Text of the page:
Thursday: Hili dialogue

September 23, 2021 • 6:30 am

Greetings on Thursday, September 23, 2021: National Pancake Day.  Have some today!

Sadly, today I return to Chicago after a swell visit with friends. I will commune with my ducks as the days dwindle down to the time of departure. I will be traveling much of the day, so this may be the only post you see.

It’s also National American Great Pot Pie Day, National Snack Stick Day (jerky, string cheese, etc.), Celebrate Bisexuality Day, National Checkers Day, and International Day of Sign Languages.

News of the Day:

*Yesterday the FDA approved booster shots in the U.S., and today they’ll ponder exactly who gets them.

On Wednesday evening, the Food and Drug Administration authorized booster shots of the vaccine for people over 65 who received their second at least six months earlier. The agency also approved boosters for adult Pfizer-BioNTech recipients who are at high risk of severe Covid-19, or who are at risk of serious complications because of exposure to the virus in their jobs.

The first bit is easy (and I’m qualified) but they have to decide who, exactly, is a risk because of risk of complications or risk on the jobs. And what about those who got the Moderna shots? With my doctor’s okay, I’m going to get the booster, and I will NOT take Ivermectin (see below).

*The trial of Elizabeth Holmes is in its third week (she must have some lawyers’ bill!), and yesterday former Secretary of State Jim Mattis testified that he invested $85,000 in the organization but became puzzled:

Former Defense Secretary Jim Mattis testified Wednesday in the criminal trial of Theranos Inc. founder Elizabeth Holmes that he and other board members were blindsided to learn in 2015 that the company hadn’t been conducting all of its blood tests using its proprietary technology.

“There just came a point where I didn’t know what to believe about Theranos anymore,” the retired four-star general said.

Prosecutors presented Mr. Mattis’s testimony to support their allegations that Ms. Holmes and her top deputy lied to investors about having a profitable business relationship with the Defense Department and kept board members in the dark about the limitations of Theranos’s devices.

But, as reported on the trial’s live timeline, defense attorneys countered with what I see as a weak riposte:

During cross-examination of former Defense Secretary Jim Mattis, an attorney for Elizabeth Holmes tried to show Theranos Inc.’s board was accomplished enough to know how to ask questions if they had concerns.

I doubt that. Mattis didn’t ask questions; the big investors were not doctors or scientists.

*The first 28 minutes Sam Harris’s latest podcast, “Ask me anything,” can be heard for free here.  Reader Tom, who sent me the link, told me this:

Only 28 minutes in length, with Harris directly addressing [Bret Weinstein and Heather Heying’s] recent shenanigans about 10 minutes into the podcast after an interesting intro.

It actually starts at 10:32 and goes on to the end of the segment, with Sam very critical about the duo’s “lack of quality control about the information they’re putting forward” about the advantages of ivermectin and especially the problems with Covid vaccine.” He also raises several issues with their claims about the supposed ineffectiveness and dangers of vaccines.

*Finally, today’s reported Covid-19 death toll in the U.S. is 681,341, an increase of 2,075 deaths over yesterday’s figure. Remember when 200,000 deaths was an unthinkable figure? We may get to four times that number before this is over. The reported world death toll is now 4,734,397, an increase of about 10,200 over yesterday’s total.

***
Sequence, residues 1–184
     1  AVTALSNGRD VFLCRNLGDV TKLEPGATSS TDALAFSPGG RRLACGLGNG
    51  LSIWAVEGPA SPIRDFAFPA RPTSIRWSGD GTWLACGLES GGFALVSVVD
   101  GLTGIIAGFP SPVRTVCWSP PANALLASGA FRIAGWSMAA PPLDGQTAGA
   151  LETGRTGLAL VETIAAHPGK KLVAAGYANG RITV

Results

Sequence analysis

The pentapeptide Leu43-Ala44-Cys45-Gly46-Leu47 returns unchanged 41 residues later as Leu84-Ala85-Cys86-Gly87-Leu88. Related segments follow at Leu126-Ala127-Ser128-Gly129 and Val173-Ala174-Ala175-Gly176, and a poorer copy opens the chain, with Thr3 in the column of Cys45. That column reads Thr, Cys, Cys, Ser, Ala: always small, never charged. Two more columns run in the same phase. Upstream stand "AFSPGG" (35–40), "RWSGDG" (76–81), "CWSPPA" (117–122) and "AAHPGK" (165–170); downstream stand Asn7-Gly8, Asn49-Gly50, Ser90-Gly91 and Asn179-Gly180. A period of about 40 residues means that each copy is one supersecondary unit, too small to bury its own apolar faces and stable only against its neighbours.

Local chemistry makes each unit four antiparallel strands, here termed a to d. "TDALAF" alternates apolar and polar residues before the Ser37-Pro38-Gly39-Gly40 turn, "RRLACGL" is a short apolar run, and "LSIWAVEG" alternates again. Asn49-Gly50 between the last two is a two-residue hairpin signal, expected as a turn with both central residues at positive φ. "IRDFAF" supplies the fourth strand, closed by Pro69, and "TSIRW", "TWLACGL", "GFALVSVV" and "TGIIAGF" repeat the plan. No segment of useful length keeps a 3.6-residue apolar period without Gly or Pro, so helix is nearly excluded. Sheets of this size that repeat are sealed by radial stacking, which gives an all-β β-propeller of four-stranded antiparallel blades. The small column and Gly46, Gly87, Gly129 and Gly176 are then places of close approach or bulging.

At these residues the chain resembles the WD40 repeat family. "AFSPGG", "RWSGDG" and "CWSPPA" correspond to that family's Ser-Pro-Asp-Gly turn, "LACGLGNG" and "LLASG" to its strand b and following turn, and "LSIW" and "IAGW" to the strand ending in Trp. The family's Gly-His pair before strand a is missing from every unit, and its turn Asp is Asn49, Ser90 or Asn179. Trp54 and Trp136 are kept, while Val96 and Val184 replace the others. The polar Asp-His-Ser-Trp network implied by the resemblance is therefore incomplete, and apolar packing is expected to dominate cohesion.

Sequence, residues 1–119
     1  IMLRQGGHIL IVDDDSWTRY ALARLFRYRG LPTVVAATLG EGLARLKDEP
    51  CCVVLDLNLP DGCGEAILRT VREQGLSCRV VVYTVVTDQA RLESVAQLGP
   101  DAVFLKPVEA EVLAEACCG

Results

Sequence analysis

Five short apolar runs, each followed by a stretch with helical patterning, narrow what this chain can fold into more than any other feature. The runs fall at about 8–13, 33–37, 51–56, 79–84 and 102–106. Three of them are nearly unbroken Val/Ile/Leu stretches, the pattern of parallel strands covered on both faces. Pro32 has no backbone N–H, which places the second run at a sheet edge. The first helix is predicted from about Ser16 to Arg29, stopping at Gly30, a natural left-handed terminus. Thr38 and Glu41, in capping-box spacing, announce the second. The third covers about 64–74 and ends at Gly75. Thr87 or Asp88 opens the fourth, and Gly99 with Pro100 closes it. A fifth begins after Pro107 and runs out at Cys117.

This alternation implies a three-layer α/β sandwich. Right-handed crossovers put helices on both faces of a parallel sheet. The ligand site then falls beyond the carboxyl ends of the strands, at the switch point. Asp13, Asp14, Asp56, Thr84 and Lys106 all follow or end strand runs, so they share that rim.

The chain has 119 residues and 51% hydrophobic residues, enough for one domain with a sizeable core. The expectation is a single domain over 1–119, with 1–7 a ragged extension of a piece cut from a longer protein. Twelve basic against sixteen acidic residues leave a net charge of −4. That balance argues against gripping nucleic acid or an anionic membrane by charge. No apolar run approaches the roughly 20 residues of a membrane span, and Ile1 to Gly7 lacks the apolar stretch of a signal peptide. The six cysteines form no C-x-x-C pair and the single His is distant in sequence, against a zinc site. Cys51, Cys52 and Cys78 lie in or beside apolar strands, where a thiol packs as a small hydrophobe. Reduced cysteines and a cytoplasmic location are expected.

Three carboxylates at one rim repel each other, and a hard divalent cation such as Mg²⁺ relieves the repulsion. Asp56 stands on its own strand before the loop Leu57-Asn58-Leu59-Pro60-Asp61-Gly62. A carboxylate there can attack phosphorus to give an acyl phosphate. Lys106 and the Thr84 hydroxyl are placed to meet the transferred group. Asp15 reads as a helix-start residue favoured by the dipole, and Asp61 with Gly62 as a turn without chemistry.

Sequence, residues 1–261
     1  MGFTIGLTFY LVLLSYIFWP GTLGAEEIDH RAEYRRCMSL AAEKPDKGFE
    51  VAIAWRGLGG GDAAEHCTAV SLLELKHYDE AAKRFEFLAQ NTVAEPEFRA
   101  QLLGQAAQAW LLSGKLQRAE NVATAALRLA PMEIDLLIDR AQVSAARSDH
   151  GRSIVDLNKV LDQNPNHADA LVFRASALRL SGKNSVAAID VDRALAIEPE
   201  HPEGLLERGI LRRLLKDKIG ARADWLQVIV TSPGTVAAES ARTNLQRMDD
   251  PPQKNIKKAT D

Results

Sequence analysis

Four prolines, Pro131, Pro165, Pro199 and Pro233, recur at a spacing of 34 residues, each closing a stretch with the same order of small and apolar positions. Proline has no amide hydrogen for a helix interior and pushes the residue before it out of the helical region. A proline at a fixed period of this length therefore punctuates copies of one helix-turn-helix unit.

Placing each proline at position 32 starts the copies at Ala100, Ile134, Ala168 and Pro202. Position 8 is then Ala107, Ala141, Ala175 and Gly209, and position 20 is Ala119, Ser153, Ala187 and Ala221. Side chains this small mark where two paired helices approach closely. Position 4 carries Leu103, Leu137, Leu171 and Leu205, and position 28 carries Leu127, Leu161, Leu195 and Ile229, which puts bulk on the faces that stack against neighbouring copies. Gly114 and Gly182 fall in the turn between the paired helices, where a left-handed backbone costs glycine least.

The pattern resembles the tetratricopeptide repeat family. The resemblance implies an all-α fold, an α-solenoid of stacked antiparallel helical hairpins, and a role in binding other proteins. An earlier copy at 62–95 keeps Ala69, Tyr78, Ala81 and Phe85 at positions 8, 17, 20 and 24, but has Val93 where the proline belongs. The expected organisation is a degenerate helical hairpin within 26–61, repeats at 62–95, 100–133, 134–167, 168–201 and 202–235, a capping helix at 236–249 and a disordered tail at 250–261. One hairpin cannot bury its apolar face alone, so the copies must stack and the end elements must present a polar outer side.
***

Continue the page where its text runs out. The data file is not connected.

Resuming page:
Stuff that happened on September 23 was accidentally listed in yesterday’s Hili dialogue (I don’t screw up like that very often), so go here to see what happened on September 23. The rest of the information on births and deaths below is new:

Notables born on this day include:

The man who decreed the stately pleasure dome. Reread the great eponymous poem fragment by Coleridge here.

Valadon (photo below) is now more famous as a model (she modeled for, among others  Pierre-Auguste Renoir and Henri de Toulouse-Lautrec) but was a noted painter in her own right. She was also the mother of painter Maurice Utrillo.

First, her photo (avec chat):

Her depiction in Pierre-Auguste Renoirs 1883 painting, Dance at Bougival:

. . . and one of her own paintings, “Casting the Net” (1914):

  • 1889 – Walter Lippmann, American journalist and publisher, co-founded The New Republic (d. 1974)
  • 1899 – Louise Nevelson, American sculptor (d. 1988)

Here’s one of Nevelson’s paintings, “Mrs. N’s Palace”:

  • 1915 – Clifford Shull, American physicist and academic, Nobel Prize laureate (d. 2001)
  • 1920 – Mickey Rooney, American actor, singer, director, and producer (d. 2014)

Rooney was married eight times, including to the world’s most beautiful woman, Ava Gardner:

  • 1930 – Ray Charles, American singer-songwriter, pianist, and actor (d. 2004)

Here’s Ray singing the Leon Russell composition, “Song for You” in 1997:

  • 1949 – Bruce Springsteen, American singer-songwriter and guitarist

Those who croaked on September 23 include:

  • 1241 – Snorri Sturluson, Icelandic historian, poet, and politician (b. 1178)
  • 1889 – Wilkie Collins, English novelist, short story writer, and playwright (b. 1824)
  • 1939 – Sigmund Freud, Austrian neurologist and psychiatrist (b. 1856)

Here’s Freud’s famous couch, which I saw when I visited the Freud Museum (his house) in London; he took the couch with him when he moved to England in 1938. It looks quite comfortable! (He was, of course, a fraud.)

  • 1973 – Pablo Neruda, Chilean poet and diplomat, Nobel Prize laureate (b. 1904)
  • 1987 – Bob Fosse, American actor, dancer, choreographer, and director (b. 1927)

Here are some miscellaneous clips of Fosse dancing, including on on “The Dobie Gillis Show”! The commentary is by Gwen Verdon, who danced in many of his shows and was also married to him.

  • 2013 – Ruth Patrick, American botanist and immunologist (b. 1907)
  • 2014 – Irven DeVore, American anthropologist and biologist (b. 1934)